Experimental Procedure of Testing and Organization 380173

JUST what goes on in the development of a new model at Chevrolet from the time requirements are set until it goes to the dealer, is told by the authors. They explain that the engineering department is divided into three major groups-designing, production, and testing, and they outline the jobs in the department from that of the chief engineer down to those of young men without specific titles who are receiving special training which will qualify them for advancement in engineering.
This discussion is made specific as the authors “high-spot” some of the problems of car design and development from a technical as well as a timing point of view, in bringing out the 1937 model which, they say, represented the greatest change in any year to date.
They note that every unit of this model, except the front suspension wheel unit, was redesigned completely. Decision to produce it in its final form, they report, was made about the time that its predecessor, the 1936 model, was started in production, adding that this decision could be made only because it was based upon designs of various major units that had been on the drawing boards and on test since early in 1934.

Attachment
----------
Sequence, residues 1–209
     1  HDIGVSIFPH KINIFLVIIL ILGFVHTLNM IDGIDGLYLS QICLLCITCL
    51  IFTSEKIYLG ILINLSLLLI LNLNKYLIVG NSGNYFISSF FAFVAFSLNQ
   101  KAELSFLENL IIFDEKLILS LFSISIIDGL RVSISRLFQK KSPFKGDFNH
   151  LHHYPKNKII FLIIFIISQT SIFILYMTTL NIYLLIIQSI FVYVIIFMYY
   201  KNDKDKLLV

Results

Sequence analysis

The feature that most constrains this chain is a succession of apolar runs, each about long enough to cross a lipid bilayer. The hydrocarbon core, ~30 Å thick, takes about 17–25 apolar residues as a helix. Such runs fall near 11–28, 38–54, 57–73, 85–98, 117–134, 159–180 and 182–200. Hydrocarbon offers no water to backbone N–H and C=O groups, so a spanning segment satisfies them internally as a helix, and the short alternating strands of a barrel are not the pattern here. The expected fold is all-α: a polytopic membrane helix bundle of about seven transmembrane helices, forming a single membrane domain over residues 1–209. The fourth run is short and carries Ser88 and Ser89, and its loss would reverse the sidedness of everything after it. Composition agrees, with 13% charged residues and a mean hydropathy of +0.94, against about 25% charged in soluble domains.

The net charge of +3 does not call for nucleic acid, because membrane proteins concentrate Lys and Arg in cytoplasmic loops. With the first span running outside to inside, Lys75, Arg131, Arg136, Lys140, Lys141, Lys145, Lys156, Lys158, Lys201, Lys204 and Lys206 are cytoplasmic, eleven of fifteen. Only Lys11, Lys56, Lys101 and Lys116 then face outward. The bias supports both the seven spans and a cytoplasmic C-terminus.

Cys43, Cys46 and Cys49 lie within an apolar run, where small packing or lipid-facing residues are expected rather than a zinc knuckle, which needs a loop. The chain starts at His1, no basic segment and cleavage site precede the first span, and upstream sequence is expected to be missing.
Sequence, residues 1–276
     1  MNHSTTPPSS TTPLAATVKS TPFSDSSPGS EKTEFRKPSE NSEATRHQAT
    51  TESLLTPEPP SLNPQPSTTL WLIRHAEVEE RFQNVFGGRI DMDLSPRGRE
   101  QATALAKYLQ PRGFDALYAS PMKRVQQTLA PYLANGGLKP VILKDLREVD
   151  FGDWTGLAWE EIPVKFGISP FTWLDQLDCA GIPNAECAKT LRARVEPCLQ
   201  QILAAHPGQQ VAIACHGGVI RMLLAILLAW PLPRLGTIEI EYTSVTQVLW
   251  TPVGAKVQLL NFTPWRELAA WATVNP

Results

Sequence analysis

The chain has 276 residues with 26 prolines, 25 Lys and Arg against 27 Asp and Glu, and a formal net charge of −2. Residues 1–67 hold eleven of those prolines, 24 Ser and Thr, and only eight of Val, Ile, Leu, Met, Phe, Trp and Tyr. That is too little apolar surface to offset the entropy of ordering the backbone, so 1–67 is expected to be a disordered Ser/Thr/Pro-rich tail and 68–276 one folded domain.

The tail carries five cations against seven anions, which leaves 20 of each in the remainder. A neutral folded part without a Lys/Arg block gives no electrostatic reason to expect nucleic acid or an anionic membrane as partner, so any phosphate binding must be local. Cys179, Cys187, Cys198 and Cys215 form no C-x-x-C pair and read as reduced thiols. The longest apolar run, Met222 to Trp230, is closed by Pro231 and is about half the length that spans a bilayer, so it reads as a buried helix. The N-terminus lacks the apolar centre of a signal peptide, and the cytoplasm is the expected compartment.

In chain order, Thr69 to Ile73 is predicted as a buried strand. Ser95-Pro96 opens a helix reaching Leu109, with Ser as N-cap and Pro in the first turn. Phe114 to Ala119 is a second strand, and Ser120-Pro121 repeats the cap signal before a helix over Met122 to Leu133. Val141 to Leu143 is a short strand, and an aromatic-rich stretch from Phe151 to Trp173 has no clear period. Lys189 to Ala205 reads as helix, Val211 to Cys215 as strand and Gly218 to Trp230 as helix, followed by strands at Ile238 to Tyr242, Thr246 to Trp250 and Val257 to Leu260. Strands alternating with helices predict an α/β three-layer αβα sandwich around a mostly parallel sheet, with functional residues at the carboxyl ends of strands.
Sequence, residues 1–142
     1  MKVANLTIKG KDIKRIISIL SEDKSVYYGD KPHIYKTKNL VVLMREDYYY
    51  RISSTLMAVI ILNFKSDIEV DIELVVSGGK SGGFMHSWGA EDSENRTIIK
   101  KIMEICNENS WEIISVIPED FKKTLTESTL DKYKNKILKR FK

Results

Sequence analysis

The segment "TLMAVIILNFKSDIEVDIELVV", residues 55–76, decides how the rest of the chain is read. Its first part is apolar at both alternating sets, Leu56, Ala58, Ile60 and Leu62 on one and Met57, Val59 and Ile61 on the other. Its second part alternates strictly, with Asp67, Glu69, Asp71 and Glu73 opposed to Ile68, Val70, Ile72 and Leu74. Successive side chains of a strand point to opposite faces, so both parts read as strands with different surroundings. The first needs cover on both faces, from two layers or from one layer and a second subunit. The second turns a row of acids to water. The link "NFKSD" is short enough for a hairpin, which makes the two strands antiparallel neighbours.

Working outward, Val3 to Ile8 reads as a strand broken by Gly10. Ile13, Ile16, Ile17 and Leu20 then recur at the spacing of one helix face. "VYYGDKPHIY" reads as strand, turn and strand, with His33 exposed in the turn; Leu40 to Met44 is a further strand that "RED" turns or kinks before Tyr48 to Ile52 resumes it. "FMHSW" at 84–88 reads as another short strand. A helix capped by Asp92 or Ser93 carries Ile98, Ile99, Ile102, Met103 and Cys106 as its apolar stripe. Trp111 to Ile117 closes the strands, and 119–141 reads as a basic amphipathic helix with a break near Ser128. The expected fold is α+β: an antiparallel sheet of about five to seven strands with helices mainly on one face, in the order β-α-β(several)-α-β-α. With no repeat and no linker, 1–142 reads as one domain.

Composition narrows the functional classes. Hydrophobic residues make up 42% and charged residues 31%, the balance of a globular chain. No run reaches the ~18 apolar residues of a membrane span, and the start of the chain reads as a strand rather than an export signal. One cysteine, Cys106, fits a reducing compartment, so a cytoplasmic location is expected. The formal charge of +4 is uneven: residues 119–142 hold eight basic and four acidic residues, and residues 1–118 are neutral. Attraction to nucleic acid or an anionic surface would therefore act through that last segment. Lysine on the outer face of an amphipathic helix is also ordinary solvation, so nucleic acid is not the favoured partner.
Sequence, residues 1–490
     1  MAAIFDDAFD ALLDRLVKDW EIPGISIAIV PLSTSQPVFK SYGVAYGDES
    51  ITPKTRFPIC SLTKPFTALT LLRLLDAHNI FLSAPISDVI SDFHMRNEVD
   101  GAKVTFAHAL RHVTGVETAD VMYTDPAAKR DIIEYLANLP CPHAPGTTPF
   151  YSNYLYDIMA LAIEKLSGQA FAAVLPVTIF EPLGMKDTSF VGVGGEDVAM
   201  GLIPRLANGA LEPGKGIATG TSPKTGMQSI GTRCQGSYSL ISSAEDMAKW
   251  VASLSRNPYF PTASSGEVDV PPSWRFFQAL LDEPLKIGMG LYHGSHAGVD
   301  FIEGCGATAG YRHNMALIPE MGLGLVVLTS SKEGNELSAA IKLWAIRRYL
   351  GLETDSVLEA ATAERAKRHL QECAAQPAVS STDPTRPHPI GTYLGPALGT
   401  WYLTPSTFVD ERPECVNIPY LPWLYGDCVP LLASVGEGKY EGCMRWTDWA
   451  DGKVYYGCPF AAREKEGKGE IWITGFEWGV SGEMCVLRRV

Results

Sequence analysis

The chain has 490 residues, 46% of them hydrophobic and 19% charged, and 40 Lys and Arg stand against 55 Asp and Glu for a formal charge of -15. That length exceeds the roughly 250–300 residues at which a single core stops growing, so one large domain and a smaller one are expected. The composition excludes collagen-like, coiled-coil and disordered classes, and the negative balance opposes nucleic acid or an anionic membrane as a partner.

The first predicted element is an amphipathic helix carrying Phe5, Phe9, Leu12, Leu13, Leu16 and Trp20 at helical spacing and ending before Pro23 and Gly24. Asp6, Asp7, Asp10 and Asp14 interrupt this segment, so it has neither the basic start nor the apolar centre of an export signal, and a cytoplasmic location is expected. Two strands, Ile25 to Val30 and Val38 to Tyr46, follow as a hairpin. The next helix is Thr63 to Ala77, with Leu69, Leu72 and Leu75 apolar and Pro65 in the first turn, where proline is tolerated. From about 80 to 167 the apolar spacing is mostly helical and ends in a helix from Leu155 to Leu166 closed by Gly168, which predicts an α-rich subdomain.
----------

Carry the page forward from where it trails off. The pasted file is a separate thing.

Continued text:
The part played by the various engineering sections and their personnel receives particular attention, as does the cooperation between the sections. The authors also tell how G.M.C, facilities, such as the General Motors Research Division, and the Proving Grounds at Milford, Mich., and Phoenix, Ariz., tie up with this development work.


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